He first tried cocaine 5 years ago at a friend’s party. He enjoyed the energetic, euphoric feeling and the absence of any unpleasant side effects, except for a slightly uncomfortable “racing” feeling in his chest. For nearly 3 years thereafter, he used cocaine only when it was offered by others and never purchased his own supplies or found himself thinking about the drug between episodes of use. He rarely snorted more than four or five lines on any single occasion of use. During the past 2 years his cocaine use escalated to its current level, coincident with a number of significant changes in his life. His restaurant business became financially successful, he bought a large home in the suburbs, he had access to lots of cash, and the pressures of a growing business made him feel entitled to the relief and pleasures offered by cocaine.
He denies any history of alcohol or drug abuse problems. The only other drug he has ever used is marijuana, which he smoked infrequently in college but never really liked. He also denies any history of other emotional problems and, except for marriage counseling, reports that he has never needed help from a mental health professional.
During the interview, Al remarks several times that although he thinks that his cocaine use “might be a problem,” he does not consider himself to be “addicted” to it and is still not sure that he really requires treatment.
In support of this view, he lists the following evidence:
1) his current level of cocaine use is not causing him any financial problems or affecting his standard of living
2) he is experiencing no significant drug-related health problems that he is aware of, with the possible exception of feeling lethargic the next day after a day of heavy use
3) on many occasions, he has been able to stop using cocaine on his own, for several days at a time
4) when he stops using the drug, he experiences no withdrawal syndrome and no continuous drug cravings.
On the other hand, he does admit the following:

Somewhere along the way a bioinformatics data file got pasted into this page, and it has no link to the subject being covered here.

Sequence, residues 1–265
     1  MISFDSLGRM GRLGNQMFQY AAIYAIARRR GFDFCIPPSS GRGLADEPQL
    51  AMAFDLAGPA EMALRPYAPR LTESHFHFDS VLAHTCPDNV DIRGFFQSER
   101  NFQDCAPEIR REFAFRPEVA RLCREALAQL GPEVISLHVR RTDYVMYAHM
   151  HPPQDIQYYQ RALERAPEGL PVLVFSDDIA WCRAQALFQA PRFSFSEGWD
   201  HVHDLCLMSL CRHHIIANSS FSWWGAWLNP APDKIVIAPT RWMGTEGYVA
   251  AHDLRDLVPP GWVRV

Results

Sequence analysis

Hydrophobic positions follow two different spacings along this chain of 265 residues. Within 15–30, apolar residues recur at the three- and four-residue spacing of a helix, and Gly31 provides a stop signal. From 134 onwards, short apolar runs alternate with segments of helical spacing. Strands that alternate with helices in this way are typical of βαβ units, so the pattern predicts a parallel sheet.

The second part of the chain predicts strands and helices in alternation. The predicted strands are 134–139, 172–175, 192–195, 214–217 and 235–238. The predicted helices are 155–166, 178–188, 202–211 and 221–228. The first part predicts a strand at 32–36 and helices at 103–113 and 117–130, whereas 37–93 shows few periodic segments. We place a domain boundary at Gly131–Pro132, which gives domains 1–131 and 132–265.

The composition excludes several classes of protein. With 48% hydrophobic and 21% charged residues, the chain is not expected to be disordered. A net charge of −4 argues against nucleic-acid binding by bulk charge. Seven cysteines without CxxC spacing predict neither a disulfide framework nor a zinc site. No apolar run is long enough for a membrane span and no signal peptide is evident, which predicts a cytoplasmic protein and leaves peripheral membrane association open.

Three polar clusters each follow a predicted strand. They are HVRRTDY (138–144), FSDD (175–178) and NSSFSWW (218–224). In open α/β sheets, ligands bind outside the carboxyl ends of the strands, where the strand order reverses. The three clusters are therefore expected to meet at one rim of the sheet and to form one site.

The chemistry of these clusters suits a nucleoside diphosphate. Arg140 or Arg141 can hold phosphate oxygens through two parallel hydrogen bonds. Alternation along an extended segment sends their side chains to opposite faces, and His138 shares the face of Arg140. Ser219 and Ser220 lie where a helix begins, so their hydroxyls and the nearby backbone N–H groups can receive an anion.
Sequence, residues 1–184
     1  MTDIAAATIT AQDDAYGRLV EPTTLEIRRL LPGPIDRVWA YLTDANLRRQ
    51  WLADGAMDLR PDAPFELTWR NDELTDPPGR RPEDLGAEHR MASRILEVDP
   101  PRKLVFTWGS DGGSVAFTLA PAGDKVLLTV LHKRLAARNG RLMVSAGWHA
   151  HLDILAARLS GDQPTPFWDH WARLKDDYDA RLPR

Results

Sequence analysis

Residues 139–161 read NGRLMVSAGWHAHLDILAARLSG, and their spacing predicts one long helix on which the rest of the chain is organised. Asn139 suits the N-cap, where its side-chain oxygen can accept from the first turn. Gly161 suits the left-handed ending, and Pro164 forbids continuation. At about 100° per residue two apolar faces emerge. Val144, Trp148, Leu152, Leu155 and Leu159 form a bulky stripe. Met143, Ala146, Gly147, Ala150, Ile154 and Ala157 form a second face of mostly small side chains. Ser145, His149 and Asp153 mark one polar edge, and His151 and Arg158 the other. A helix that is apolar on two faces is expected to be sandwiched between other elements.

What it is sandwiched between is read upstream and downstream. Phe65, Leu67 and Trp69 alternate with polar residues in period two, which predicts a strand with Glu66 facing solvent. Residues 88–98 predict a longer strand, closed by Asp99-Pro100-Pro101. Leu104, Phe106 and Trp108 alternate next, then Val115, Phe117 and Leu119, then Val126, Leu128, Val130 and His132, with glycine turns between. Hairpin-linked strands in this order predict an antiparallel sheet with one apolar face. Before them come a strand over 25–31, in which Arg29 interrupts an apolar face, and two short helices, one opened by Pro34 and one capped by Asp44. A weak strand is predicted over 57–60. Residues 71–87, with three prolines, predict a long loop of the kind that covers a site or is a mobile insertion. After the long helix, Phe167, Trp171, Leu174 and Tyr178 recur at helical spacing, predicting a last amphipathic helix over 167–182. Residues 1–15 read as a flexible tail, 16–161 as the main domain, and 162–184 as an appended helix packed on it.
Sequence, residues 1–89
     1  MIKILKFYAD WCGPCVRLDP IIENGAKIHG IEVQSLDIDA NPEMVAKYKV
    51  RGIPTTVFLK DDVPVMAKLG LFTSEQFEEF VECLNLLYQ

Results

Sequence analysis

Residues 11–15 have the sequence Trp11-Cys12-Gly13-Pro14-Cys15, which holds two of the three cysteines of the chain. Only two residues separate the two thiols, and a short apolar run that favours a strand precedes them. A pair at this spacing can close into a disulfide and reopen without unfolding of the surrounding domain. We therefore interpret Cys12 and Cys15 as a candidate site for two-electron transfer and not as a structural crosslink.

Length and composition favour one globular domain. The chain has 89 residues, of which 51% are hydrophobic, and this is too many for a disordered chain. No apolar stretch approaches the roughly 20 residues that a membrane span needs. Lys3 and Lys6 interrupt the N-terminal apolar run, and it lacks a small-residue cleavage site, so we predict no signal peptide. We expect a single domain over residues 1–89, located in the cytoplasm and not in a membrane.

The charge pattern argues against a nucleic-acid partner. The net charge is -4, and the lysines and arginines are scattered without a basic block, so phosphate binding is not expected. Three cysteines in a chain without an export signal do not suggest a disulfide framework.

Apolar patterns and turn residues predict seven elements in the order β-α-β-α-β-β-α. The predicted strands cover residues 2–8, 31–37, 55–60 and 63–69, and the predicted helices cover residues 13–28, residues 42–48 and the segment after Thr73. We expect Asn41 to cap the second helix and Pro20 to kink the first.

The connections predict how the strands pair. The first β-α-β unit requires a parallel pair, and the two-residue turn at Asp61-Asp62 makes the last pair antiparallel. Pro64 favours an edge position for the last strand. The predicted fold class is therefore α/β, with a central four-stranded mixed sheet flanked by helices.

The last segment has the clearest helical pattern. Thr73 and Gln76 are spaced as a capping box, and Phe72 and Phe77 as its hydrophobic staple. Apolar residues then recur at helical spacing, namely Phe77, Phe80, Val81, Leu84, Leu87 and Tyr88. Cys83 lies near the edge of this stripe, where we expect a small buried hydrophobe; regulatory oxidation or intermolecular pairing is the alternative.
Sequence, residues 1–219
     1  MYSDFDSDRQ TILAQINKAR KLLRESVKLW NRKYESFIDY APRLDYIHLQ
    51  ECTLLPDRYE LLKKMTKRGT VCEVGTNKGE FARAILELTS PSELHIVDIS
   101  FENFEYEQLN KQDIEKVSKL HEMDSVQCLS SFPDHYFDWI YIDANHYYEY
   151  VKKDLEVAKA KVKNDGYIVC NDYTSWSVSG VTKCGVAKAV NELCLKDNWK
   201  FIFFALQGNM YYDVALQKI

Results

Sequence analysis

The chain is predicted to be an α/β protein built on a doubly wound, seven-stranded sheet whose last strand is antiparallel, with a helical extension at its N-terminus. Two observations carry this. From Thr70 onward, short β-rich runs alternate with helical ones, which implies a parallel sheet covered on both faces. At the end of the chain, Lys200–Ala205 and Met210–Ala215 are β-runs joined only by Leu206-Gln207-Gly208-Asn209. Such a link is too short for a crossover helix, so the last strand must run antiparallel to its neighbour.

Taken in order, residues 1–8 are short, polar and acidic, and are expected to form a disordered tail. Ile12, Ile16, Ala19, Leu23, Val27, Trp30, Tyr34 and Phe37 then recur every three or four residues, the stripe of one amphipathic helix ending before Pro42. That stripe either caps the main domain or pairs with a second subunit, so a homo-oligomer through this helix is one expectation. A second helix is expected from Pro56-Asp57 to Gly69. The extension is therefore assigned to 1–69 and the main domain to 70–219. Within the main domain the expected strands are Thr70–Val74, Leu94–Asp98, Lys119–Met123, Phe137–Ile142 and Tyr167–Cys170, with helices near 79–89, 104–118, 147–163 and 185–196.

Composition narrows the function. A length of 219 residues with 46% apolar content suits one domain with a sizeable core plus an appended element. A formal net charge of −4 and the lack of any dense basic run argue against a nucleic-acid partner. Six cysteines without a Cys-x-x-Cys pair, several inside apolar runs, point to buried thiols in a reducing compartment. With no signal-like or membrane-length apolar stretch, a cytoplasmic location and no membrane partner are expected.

1) he often uses much more cocaine than intended on certain days
2) the drug use is impairing his functioning at work because of negative
effects on his memory, attention span, and attitude toward employees and customers
3) even when he is not actively intoxicated with cocaine, the aftereffects of the drug cause him to be short-tempered, irritable, and argumentative with his wife and children, leading to numerous family problems, including a possible breakup of his marriage
4) although he seems able to stop using cocaine for a few days at a time, somehow he always goes back to it
5) as soon as he starts to use cocaine again, the craving and the preoccupation with the drug are immediately as intense as before he stopped using it.
At the end of the interview, Al agrees that although he came for the evaluation largely under pressure from his wife, he can see the potential benefits of trying to stop using cocaine on a more permanent basis. With a saddened expression, he explains how troubled and frightened he feels about the problems with his wife and children. He says that although marital problems existed before he started snorting cocaine, his continuing drug use has made them worse, and he now fears that his wife might leave him. He also feels extremely guilty about notbeing a “good father.” He spends very little time with his children and often is distracted and irritable with them because of his cocaine use.
Case retrieved from:
Spitzer, R.L., et.al, (2002). DSM-IV-TR Casebook: A Learning Companion to the Diagnostic and Statistical Manual of Mental Disorders, Fourth Edition, Text Revision. American Psychiatric Publishing. Arlington, VA.